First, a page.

At this point, no one is happy with the euro. The Greek people, of course, have spoken loudly – but the Germans are just as unhappy, in their own way, at the way in which they keep on "loaning" billions of euros to Greece even though everybody knows that Greece is never going to be able to repay those loans. The Finns almost scuppered this deal singlehandedly; they too have been suffering greatly under austerity. If the euro ever had broad public support throughout Europe, it has so no longer – and Britain in particular is feeling as though it dodged a bullet when by failing to sign on.

The problem, however, is that there is no legal or practical way to dissolve the euro. And so when push comes to shove – as it almost did physically this weekend, over 31 hours of extremely fractious and sleep-deprived negotiations – Europe's leaders have always ended up kicking the can a little bit further down the road, preserving the intolerable for just a few more weeks or months or years. As Matt Levine puts it, "the can keeps getting kicked, but the kicks are getting more vicious. "

This time is different in one big respect, however: involuntary Grexit was very much on the table. The Germans made it abundantly clear that they were both willing and able to kick Greece out of the euro, even if the Greeks themselves wanted to stay in. Up until now, exit from the euro has been unthinkable; from now on in, it's going to be top of mind, whenever internal tensions start rearing up within the eurozone. The impossible has become – clearly, obviously – possible, which means that all of Europe's sovereigns, especially Spain and Portugal, are going to see more volatility than ever in their borrowing costs every time they start pushing back against German demands. "Convertibility risk", in the language of Wall Street, is now a very real thing.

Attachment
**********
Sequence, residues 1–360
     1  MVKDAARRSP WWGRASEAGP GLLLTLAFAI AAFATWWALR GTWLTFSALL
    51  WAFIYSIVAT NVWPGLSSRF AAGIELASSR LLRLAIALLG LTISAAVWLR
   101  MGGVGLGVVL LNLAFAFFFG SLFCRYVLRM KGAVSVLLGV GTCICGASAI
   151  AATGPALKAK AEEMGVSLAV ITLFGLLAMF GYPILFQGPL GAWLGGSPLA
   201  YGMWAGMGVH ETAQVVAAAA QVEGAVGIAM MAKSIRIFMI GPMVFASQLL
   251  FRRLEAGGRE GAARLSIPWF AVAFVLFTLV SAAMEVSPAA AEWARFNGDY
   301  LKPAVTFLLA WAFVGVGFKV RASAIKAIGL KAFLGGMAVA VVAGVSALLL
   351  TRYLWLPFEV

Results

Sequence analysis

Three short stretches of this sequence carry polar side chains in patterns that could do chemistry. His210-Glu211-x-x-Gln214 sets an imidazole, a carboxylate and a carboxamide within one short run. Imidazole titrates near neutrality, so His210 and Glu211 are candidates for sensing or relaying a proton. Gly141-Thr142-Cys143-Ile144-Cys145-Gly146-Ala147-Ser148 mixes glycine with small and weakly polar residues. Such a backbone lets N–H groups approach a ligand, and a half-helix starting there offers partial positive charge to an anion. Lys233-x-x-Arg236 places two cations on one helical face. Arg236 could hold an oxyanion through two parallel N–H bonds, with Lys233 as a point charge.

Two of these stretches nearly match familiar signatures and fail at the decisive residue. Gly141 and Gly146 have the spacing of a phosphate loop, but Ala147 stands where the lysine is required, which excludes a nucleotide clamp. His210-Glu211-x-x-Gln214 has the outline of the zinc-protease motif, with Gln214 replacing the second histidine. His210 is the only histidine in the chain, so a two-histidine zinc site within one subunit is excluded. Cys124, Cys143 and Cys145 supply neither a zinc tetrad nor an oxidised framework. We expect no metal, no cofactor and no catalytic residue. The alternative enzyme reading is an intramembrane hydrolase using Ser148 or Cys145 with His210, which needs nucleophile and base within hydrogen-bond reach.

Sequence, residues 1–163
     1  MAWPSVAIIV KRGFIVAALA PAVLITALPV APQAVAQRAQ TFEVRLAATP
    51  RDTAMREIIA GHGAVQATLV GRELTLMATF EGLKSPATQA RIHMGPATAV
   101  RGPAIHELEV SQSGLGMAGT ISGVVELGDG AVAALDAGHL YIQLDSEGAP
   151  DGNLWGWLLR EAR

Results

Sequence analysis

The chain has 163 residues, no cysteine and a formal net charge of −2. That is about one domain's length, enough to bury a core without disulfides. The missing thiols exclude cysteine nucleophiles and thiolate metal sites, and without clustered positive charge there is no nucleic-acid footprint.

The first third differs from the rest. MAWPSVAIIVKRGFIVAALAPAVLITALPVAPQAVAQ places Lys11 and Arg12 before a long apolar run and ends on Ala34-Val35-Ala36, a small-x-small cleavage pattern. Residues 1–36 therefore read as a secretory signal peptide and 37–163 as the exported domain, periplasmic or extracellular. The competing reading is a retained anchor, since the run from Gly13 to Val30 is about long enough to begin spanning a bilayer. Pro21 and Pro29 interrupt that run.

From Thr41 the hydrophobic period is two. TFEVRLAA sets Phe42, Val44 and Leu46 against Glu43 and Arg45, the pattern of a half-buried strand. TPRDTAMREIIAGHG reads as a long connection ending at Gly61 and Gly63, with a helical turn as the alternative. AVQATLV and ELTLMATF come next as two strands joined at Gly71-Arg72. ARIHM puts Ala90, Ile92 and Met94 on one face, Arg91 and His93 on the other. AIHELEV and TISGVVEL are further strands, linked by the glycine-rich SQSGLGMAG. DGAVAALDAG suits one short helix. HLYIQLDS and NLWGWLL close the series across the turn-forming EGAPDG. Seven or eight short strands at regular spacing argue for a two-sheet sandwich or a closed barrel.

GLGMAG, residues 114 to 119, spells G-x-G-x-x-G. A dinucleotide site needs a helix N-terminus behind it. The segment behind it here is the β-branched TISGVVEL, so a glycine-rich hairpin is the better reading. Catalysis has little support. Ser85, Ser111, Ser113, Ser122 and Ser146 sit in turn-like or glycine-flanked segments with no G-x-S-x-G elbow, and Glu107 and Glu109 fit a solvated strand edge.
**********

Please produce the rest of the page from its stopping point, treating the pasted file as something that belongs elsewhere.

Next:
And the country most likely to exit the euro? Is still, very much, Greece. Grexit this weekend would have been suicidal for Greece, which means that the main lesson learned, for all future negotiations, is that Greece needs a Plan B. Tsipras was forced to accept Germany's humiliating demands because he had no other choice. Next time – and you can be sure that there will be a next time – Greece will have its very own Grexit plan, and the Germans will be very happy to call the Greeks' bluff and tell them to go ahead and use it. (That said, France, Italy, and Spain will all want to keep the eurozone intact, so Grexit is far from being a foregone conclusion.)

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One possible lesson from the latest round of Greece negotiations is that the technocrats were right. Previous Greek governments might have agreed too easily to Europe's harsh terms, but Syriza's fight was ultimately self-defeating. All that Tsipras achieved, through his belligerence, was even tougher terms – and an even deeper recession.

But there's another lesson to be drawn, which is that Europe has now reached the absolute limits of how far it can violate the will of the people. Greece has said NO, and it will say NO again, and the echoes of that vote will be heard across Spain in December. In a sense, it doesn't matter what Tsipras agreed to in the early hours of Monday morning, because there's absolutely no way that Greece is going to be able to actually deliver on those promises. Reality has intruded into the airless negotiation rooms of Brussels, and it's not going to leave.

The austerity that Tsipras agreed to this weekend will not create the economic growth Greece desperately needs. In fact, from a domestic economic perspective, it will do more harm than good, and everybody in Greece knows it. The grand European project has lost popular support, as the #ThisIsACoup hashtag shows; it lives only through political inertia and the lack of a viable alternative. The can has been kicked much further than anybody thought possible, but it can't be kicked forever. Tsipras might have lost this battle. But the twilight of Europe's bloodless technocrats has clearly begun, and he has surely hastened their eventual demise.